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Goal Setting: Get Ready for a Puposeful 2013

Do you want to live a more meaningful and successful life in 2013?
Set goals for your life, your relationships, and your work or
business to increase your odds of success in each category.  Before
you set goals, it is important to take a look back to find out what
worked, what didn’t work, and if you accomplished what you wanted
to accomplish.

Creating effectiveness in life, love, and work comes from getting
conscious about where you have been, where you are, where you are
headed, and how to get there.  In other words – taking a personal
inventory and goal setting is a vital part of creating a productive
life.  Why should you bother to spend time and energy on assessing
the past year and setting goals for the coming year?  If you are
passionate about accomplishing specific missions or goals in your
life, relationships, and your work or business, you must take the
time to understand the past and plan for the future.  Achieving
excellence requires planning and mindfulness.

When you set a goal, it gets your whole being (mind, body, spirit)
pointed in a specific direction.  Your human psyche must know how
to organize itself to take you where you want to go much like an
arrow must be pointed toward the target that the archer wants it to
hit. Without goals you may remain hazy and unsure about what you
are doing and where you are headed which leads to aimlessly
wandering from activity to activity.  Follow in the footsteps of
many successful business owners, ministry-leaders, pastors, and
other leaders who set aside specific times throughout the year to
set goals, analyze what needs to be tweeked, and make plans too
accomplish the most important goals.

Taking An Inventory

Step One:  Before you even begin to set goals for the upcoming
year, it is imperative to sit down and write out your thoughts and
feelings about the past year and what you have or have not
accomplished.  Get out some paper ( do not type this on the
computer as the act of writing is cathartic in and of itself), sit
down in a quiet room and divide your paper up into three
categories:  Life, Love (Relationships) and Work.  You can dedicate
one whole piece of paper to each category or use a huge sheet of
paper with three columns.

Step Two:  Start with your “Life” category.  Looking back over the
past year, what was your life’s purpose or mission?  Based on what
you accomplished spiritually, physically, and emotionally – what
message did your life send out to the world, how did it measure up
to God’s calling?  What do you remember about the beginning of last
year and what you thought your life would/should look like in 2011?

Write down how that came to pass or how it missed the mark.  If
your life missed the mark in certain areas – get specific about
what got off track and make notes about what you think you should
avoid as you prepare to set goals for your life in 2012.

Step Three:  Moving on to your “Love” category – look over your
relationships from the past year.  Write down how you impacted all
your relationships:  parents, children, spouses, significant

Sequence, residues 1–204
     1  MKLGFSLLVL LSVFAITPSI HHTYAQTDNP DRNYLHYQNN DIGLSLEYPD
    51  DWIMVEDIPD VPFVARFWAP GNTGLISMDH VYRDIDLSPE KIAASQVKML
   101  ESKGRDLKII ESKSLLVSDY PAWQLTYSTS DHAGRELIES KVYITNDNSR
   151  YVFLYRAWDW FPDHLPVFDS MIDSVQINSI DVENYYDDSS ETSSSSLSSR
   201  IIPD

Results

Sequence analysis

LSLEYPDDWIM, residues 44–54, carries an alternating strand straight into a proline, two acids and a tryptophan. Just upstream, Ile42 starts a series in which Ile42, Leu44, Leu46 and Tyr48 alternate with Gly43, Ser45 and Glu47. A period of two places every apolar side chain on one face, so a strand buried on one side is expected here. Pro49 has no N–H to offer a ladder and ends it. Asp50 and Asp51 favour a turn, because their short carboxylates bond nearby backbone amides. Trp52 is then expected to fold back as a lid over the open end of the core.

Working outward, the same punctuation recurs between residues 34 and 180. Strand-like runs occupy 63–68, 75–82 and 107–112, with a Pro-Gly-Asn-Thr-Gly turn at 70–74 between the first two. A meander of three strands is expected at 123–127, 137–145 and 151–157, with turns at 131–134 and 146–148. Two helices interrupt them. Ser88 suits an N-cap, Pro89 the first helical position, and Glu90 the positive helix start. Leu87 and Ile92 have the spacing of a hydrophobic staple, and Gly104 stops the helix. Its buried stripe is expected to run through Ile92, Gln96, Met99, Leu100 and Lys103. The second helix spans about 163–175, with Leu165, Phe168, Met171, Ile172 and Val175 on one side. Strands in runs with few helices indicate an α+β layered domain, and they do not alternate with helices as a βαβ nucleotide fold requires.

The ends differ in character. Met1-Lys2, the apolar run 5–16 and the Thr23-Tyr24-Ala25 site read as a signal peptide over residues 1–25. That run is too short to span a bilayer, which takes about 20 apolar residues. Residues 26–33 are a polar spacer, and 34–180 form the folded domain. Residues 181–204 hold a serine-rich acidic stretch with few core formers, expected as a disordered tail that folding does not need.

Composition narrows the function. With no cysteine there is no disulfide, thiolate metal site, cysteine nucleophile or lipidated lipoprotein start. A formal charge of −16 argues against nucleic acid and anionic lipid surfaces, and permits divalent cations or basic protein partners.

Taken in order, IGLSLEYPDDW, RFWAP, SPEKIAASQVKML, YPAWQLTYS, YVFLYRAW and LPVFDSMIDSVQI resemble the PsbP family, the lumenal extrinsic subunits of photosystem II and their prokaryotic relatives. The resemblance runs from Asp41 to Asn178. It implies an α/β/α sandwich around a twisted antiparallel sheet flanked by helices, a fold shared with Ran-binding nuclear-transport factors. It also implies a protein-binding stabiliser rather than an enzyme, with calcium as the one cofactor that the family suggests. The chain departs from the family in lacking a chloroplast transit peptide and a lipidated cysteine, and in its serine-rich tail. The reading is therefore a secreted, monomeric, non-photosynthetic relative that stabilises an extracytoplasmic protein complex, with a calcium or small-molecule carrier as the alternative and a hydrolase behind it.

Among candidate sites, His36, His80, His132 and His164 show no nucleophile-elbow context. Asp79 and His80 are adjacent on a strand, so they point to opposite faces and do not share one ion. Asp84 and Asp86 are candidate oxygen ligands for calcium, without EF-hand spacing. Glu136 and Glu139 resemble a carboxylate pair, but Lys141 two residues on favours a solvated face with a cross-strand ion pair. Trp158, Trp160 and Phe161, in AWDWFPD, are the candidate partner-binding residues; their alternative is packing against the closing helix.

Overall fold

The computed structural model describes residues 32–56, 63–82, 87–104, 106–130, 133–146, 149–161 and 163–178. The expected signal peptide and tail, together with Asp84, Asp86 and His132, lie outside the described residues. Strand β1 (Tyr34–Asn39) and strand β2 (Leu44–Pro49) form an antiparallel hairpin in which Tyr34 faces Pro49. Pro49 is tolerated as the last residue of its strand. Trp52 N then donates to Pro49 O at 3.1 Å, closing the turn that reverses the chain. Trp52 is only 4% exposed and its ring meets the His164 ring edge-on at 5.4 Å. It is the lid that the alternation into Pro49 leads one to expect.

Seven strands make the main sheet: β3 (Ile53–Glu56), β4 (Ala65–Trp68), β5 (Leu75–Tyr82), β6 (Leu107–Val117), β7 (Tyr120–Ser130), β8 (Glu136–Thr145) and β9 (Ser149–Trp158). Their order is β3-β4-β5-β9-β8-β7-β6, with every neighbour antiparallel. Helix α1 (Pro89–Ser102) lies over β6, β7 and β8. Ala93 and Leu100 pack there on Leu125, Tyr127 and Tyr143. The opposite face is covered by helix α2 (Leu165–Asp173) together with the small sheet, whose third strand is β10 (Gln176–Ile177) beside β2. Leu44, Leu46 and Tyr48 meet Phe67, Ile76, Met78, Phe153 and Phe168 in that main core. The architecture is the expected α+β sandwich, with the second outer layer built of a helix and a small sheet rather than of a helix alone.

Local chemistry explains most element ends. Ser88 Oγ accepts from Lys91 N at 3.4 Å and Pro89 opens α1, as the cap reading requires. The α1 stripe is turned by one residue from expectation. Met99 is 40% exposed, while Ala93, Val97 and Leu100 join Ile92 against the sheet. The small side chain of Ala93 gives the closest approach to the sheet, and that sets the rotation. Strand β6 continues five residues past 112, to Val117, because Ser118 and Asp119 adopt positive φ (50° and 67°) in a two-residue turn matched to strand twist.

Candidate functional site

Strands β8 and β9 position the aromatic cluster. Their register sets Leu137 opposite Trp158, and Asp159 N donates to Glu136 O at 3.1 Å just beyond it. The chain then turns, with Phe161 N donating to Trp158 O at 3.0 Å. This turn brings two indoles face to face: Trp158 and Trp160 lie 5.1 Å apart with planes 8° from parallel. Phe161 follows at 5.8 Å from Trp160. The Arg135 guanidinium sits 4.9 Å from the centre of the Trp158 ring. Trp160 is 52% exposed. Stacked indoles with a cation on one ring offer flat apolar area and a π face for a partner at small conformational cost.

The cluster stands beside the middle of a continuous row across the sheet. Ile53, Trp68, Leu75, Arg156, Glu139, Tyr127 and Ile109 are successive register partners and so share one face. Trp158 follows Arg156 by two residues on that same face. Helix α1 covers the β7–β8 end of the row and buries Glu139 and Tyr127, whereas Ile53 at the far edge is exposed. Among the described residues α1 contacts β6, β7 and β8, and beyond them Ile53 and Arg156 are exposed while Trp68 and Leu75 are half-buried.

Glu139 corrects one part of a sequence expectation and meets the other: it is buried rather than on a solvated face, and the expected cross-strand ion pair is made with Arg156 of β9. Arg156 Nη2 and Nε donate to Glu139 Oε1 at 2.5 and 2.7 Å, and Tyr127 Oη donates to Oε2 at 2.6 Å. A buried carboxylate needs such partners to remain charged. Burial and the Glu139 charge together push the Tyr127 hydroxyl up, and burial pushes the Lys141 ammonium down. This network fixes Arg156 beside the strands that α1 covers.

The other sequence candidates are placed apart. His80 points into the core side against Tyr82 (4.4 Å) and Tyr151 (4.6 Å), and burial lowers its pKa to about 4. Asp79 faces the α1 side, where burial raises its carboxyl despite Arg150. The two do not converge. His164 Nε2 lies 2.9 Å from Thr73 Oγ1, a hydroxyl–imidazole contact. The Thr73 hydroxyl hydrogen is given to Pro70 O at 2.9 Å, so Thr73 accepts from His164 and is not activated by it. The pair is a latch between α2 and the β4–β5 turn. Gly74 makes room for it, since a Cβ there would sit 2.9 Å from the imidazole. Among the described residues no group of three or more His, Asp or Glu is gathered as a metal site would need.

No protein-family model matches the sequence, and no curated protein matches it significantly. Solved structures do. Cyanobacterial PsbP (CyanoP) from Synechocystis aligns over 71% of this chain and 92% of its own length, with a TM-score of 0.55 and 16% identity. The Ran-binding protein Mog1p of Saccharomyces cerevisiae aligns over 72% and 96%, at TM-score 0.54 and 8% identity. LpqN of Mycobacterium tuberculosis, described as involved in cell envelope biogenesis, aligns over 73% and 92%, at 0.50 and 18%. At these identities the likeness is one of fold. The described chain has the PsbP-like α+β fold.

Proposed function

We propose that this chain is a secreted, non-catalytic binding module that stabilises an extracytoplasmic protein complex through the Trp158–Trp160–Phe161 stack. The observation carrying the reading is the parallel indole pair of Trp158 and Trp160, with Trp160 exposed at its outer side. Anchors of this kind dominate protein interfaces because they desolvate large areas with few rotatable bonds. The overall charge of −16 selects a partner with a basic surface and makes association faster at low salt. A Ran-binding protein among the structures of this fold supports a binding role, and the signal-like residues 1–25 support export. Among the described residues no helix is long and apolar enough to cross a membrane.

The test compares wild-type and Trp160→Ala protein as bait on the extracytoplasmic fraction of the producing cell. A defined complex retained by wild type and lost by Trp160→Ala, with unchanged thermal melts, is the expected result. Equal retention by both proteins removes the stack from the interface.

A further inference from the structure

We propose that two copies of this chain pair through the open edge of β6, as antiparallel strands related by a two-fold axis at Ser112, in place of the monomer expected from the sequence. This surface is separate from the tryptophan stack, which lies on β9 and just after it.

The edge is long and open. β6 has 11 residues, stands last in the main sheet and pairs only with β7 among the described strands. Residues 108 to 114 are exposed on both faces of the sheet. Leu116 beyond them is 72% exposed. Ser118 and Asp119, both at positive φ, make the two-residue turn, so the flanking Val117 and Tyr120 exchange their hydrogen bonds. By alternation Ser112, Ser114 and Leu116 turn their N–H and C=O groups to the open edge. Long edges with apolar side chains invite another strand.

others, siblings, friends, co-workers, employees,
ministry-partners, business partners, etc.  Grade yourself with a
simple 1 – 10 numeric system for your satisfaction with each
relationship (1 would be not satisfied at all, 10 would be very
satisfied).  Be sure to approach this from the perspective of how
YOU performed in the relationship (since you cannot do anything
about how they performed).   Write out specific thoughts, feelings,
and actions you remember going through with each significant
relationship and what might have caused some of these.

Step Four:  Now take a look at the “Work” or “Business” category of
your life over the past year.  Have you participated in a career, a
business that you own, or a job?  Write about the different aspects
of your work or business and what you liked, what you didn’t like.
Write about what went well, what didn’t go well.  Write down new
talents or strengths you used or developed and what weaknesses came
to the forefront.  What specific roles, tasks, technical
procedures, and/or aspects did you enjoy?  What parts of your work
self need further development?

Step Five:  Wrap up this inventory exercise by reading it all out
loud to yourself and summing up each category with one main theme
phrase or several descriptive words and a numeric rating of your
personal satisfaction in each category over the past year.  For
example, as you look over what your life stood for during the past
year you might write, “Mother, Wife, Encourager, Supporter” and
then an “8” if you were pretty satisfied about how your life
manifested these themes.

You’re work with your inventory has now reached a stage that you
can set it aside for a full day (sleep on it) and let this
information soak into the deeper layers of your consciousness.
Keep these notes handy because you will be using them as you sit
down in your next “session” to begin the important work of looking
toward the new year.

My next article will teach you a simple way to effectively set
goals for the new year based upon what you learned during your 2011
inventory.

Happy New Year!

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